American Slavery, Alive and Well: Angola Prisoners Earn $0.02 Per Hour Growing Cotton and Sugarcane
On the site of former slave plantations, Louisiana State Penitentiary continues the tradition of human exploitation.
The Louisiana State Penitentiary, more commonly known as Angola, is the nation’s largest maximum-security prison, situated on 18,000 acres of former plantations. Carrying on that tradition of exploitation, every single Angola prisoner - 74 percent of whom are Black - begins their time working in the prison’s fields, growing wheat, corn, soybeans, cotton, and milo.
According to a new report from the ACLU, they’re paid two cents for every hour of work. What’s more, any prisoner who isn’t able or willing to perform their work quickly enough is placed in segregation.
“In the field each inmate is given a number to a row of crops to be cultivated or pulled and bagged which is about half a mile,” one prisoner told the ACLU. “The gun guard on the horse said she wanted 30 sacks of greens and was keeping count. I was on sack 23 before the specified time and was transported to segregation.”
“Most of my lockdown came from refusing to be a slave… working in fields of corn, etc.,” another Angola prisoner told ACLU. “Free people riding horses with guns telling you to pick this, do that, and/or write you up for disciplinary just because he or she can.”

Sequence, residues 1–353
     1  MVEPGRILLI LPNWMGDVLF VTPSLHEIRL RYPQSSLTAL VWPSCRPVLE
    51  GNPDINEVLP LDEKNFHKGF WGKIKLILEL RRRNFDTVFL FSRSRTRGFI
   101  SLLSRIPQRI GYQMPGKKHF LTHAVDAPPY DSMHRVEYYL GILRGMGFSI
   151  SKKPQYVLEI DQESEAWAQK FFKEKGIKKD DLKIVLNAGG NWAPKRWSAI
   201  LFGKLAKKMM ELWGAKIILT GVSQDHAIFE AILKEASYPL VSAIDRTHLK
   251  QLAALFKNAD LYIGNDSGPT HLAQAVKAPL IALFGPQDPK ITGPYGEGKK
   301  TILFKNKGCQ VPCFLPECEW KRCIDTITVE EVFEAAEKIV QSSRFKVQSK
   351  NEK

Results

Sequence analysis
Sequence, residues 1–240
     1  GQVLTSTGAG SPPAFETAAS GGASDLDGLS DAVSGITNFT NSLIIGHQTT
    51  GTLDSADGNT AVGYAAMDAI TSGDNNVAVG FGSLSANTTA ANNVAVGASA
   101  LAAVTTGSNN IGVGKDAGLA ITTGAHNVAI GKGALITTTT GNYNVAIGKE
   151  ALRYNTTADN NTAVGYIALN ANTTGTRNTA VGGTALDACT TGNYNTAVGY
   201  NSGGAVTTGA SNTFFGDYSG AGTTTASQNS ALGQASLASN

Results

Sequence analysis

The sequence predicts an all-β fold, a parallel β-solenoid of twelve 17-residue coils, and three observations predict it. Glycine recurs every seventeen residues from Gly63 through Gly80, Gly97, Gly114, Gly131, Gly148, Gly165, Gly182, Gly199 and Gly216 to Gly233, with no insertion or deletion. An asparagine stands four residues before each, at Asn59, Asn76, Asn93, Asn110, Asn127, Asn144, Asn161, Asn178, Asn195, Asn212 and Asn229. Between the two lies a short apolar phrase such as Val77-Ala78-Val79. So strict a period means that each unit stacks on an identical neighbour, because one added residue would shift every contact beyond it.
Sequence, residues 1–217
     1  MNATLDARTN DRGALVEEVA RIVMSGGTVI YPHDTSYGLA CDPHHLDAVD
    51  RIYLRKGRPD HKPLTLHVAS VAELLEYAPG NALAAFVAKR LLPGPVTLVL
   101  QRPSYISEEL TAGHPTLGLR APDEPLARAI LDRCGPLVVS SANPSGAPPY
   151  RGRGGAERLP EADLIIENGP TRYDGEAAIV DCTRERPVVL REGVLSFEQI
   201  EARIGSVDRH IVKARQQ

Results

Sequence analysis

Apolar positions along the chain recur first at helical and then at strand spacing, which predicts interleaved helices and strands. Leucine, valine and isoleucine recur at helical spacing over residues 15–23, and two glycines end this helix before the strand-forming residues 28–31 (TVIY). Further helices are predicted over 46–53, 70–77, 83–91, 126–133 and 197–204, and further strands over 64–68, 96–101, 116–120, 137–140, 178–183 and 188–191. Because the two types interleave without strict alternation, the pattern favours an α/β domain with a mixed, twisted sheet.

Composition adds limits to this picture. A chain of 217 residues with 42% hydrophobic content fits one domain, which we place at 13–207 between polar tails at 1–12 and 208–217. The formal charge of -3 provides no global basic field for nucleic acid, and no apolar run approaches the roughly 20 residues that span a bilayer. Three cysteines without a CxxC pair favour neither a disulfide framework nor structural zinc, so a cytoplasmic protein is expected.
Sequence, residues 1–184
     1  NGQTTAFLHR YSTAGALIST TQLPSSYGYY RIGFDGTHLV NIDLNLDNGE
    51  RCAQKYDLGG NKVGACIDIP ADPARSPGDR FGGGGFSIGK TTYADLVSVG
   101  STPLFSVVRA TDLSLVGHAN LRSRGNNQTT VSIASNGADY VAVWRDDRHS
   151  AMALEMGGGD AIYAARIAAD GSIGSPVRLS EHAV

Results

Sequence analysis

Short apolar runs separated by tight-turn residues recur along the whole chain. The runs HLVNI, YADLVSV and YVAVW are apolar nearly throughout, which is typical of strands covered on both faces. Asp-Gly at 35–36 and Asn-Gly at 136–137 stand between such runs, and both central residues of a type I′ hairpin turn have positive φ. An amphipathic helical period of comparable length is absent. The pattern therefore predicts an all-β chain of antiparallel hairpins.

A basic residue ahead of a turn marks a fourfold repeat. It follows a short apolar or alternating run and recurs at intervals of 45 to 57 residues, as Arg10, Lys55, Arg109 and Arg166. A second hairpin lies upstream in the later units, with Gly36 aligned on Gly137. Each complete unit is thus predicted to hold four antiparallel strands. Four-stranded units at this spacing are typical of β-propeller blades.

Prison Enterprises, a division of the Department of Public Safety and Corrections, earns over $2.6 million each year selling those crops, according to their 2021 annual report. “Some of the crops harvested are used to support livestock and flight bird operations of Prison Enterprises, but the majority of our crops are sold on the open market,” their website states. Their livestock sales totaled over $1.7 million, making Louisiana workers responsible for over $4.3 million in sales for Prison Enterprises.
Unlike the rest of the country, incarcerated workers are not protected by standard labor laws, including minimum wages, and workplace safety guarantees. Those who refuse to work hazardous jobs are often punished with measures such as solitary confinement, loss of visitation, or even a denial of parole or sentence reduction. At Angola, prisoners reported working with limited access to water, little rest, and no bathrooms. Formerly incarcerated agricultural workers reported seeing others collapse from dehydration or exhaustion while working the fields on hot days.
“The United States has a long, problematic history of using incarcerated workers as a source of cheap labor and to subsidize the costs of our bloated prison system,” said ACLU of Louisiana Executive Director Alanah Odoms. “Incarcerated workers deserve the same dignity and protections as other workers. This includes a fair wage, training, and basic workplace safety. It’s past time we treat incarcerated workers with dignity. If states and the federal government can afford to incarcerate 1.2 million people nationwide, they can afford to pay them fairly for their work.”